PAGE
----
Strong Finish / Know Your Limits

12/1/2020


The rest of my week-plus of vacation did not go a lot better than the start of it. The last three days, though, were relatively nice days. Saturday was a bit too nice (right, that is a thing).


Friday (11/27), I got up and headed down to Monroe Reservoir. I had two goals in mind: photograph Common Loons and photograph Red-breasted Nuthatch. I arrived on a mostly cloudy morning and headed down to the docks at Paynetown. The loons were there in numbers. Fascinating birds. They are much bigger than I have ever realized. I usually only see them at some distance, but these birds were as close as 20 feet away. After a bit of shooting, the sky clouded over a bit more, and I headed off to look for Red-breasted Nuthatch. I found one bird that I could get a photo of. I eventually ran into Scott Evans and Joe Bailey and tagged along with them for a bit. Two excellent, local birders, they lead me around to a few different places to look for some more nuthatch. Down on Tower Ridge Rd, we had around a dozen birds calling in the treetops. A very cool experience.

I left Monroe County and headed west to Greene County. After some debate, I decided to finish the day at Goose Pond; in the hopes of photographing Short-eared Owls. I arrived with a little time to kill; so, I drove around a bit. While looking around, I found a pair of Whooping Crane. They were very distant. After watching them a bit, they perked up and started dancing around a bit before they started foraging for food.

As dusk grew closer, more and more people started showing up. Anticipation for a lot of owls was high. Goose Pond is a great place to bird, and we are fortunate to have a place like it in the state. It is a Fish and Wildlife Area, and it is primarily setup for hunting. So, there are not a vast number of parking areas. On the flip side, you can pretty much walk wherever you want to go; barring there is not an active hunt taking place. What you cannot do is park in the road or (especially) block it. Unfortunately, this is exactly what was happening. You have to know the limits of the place you are birding. For their part, the owls stayed pretty distant from the lot I parked in. With a larger lens and a high megapixel body, I was able to get some okay distant shots, but they were not the quality I was hoping for.


Saturday (11/28), I opted for a little extra sleep and got up to bird Eagle Creek Park. Eagle Creek is another place we are fortunate to have in the state. It is a pretty large city park with a diverse set of habitats. It was chilly on Saturday, but I spent most of my time there walking around; so, it was not too bad. I found some Eastern Bluebirds feeding on crabapples. Other than that, the park was pretty slow.

That afternoon, I met up with my brother at Celery Bog for some shooting. The plan was to shoot some duck shots and then check out a nearby spot for Short-eared Owl. The full name for the park is Celery Bog Nature Area. You can tell a lot about a place by its name. Nature Areas (and Nature Preserves) are places set aside for nature. People are a secondary concern, here. There are trails and rules. There is also an owl, and that seems to make people forget rules. The rule here is that you have to stay on the trail. The sign placed in front of the owl roost and the brush piled along the path are pretty good indicators that not everyone is playing by the rules. Know your location; know your limits. Besides, you can get a perfectly fine photo from the path.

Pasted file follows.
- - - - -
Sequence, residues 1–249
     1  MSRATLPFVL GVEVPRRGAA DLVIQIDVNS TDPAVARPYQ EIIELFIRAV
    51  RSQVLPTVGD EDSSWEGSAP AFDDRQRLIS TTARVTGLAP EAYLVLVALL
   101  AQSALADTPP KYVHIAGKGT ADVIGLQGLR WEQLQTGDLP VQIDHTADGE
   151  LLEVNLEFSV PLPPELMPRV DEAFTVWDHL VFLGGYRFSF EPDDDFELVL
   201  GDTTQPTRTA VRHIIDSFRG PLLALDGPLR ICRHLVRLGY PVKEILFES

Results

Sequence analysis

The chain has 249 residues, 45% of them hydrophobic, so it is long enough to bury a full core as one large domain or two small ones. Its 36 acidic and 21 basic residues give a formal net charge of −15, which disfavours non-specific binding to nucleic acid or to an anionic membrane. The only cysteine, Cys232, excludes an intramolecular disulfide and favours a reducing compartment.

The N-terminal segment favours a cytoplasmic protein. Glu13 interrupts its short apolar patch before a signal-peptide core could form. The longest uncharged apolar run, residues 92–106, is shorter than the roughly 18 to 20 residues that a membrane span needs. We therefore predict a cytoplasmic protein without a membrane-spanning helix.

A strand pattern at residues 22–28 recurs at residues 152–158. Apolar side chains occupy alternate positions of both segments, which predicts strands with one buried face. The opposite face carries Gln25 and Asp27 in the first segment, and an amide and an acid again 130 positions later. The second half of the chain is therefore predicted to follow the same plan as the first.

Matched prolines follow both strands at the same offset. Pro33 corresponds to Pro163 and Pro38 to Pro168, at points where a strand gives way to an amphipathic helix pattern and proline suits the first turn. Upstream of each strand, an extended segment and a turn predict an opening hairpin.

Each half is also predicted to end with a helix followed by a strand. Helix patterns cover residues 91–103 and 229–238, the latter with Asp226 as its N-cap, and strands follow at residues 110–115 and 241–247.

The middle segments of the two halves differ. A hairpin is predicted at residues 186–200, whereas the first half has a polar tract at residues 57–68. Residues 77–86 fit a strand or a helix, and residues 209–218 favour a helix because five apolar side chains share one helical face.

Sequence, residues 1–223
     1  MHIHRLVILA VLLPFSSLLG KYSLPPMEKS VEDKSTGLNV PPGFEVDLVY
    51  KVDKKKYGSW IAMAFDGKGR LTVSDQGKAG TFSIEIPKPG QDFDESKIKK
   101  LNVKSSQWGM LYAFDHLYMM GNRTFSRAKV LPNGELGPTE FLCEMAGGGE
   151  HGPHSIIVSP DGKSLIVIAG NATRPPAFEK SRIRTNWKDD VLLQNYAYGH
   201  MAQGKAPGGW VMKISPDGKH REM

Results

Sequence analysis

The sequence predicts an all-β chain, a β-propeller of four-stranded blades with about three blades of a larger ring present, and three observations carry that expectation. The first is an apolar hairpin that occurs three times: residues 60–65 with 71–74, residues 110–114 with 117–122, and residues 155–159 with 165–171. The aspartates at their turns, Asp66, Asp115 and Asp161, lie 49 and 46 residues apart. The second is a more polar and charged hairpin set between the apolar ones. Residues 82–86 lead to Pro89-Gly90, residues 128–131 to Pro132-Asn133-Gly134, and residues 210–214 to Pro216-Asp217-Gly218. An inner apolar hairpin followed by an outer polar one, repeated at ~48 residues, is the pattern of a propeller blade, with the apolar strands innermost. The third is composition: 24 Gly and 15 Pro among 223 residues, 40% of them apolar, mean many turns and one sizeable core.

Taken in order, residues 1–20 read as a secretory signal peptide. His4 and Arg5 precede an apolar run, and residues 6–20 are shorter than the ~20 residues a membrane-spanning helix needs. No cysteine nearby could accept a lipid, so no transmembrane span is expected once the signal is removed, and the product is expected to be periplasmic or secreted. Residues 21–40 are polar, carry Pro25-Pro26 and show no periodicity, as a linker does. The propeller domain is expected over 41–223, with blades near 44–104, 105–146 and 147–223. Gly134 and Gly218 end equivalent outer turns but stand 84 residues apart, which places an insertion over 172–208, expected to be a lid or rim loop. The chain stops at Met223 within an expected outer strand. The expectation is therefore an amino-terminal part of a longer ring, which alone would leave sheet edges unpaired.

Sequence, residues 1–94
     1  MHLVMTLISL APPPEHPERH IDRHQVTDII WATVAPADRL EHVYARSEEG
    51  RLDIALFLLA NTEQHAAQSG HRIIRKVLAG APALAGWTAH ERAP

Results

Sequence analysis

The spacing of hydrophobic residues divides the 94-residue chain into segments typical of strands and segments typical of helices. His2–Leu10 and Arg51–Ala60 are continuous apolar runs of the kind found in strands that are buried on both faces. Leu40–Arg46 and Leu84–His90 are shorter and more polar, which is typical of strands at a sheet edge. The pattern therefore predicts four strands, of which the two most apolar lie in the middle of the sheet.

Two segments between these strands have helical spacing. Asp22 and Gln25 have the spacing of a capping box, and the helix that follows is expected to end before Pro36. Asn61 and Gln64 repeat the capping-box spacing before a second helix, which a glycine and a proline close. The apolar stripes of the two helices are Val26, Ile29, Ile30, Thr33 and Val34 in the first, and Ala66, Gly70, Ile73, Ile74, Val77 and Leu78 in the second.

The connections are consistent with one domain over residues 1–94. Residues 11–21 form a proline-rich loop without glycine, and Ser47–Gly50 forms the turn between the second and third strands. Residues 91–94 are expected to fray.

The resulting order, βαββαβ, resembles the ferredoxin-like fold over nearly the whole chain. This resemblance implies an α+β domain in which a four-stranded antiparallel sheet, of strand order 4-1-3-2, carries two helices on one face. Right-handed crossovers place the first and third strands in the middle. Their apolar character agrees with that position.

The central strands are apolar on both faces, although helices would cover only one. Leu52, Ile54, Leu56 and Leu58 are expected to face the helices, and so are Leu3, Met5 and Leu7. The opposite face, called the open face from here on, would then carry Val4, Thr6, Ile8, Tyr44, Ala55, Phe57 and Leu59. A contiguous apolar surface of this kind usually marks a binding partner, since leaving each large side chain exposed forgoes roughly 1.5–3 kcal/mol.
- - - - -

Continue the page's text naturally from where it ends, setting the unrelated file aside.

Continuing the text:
Down by the shore, we were surprised to find a Surf Scoter nearby in good lighting. There were also a good number of Gadwall harassing the American Coot. A lot of coots had their own attending duck. Every time a coot came up with something to eat, its attending duck would relieve it of its burden. We ran into Dan Miller, a great local photographer and introduced ourselves before heading out to go look for owls. Unfortunately, we struck out, but it was good to see my brother and spend a bit of socially distanced time.


Sunday (11/29), I was moving a bit slow. I was just dragging myself out of bed when I got a message that a pair of Evening Grosbeaks had shown up at the feeders at Mary Gray Bird Sanctuary. Why was I getting a personal message? Well, you would have to back up to the day before. I had contacted Amy Wilms about shooting off the porch there, the day before. I knew there were Purple Finch and Red-breasted Nuthatch showing at the feeders there. I also knew the place was currently closed to the public; so, I contacted Amy to get permission to shoot there. Amy was gracious enough to allow me to come shoot. She also informed me that the Evening Grosbeaks she had previously reported had not been seen recently. I was fine with that. I was really just hoping for the finch and nuthatches. Fast forward back to Sunday, and I am rushing out the door with camera and face mask in hand to, hopefully, shoot some Grosbeaks off their back deck.


It was a great experience, and I am grateful to Amy and Carl for allowing me the chance to come shoot. They are great people and run an amazing place. Sadly, they have a tough road ahead of them. With the ash borer infestation in the state, they have a large number of ash trees that are dead and need felled. It may take a while for them to get things open there.


Thanks for reading,

Mike





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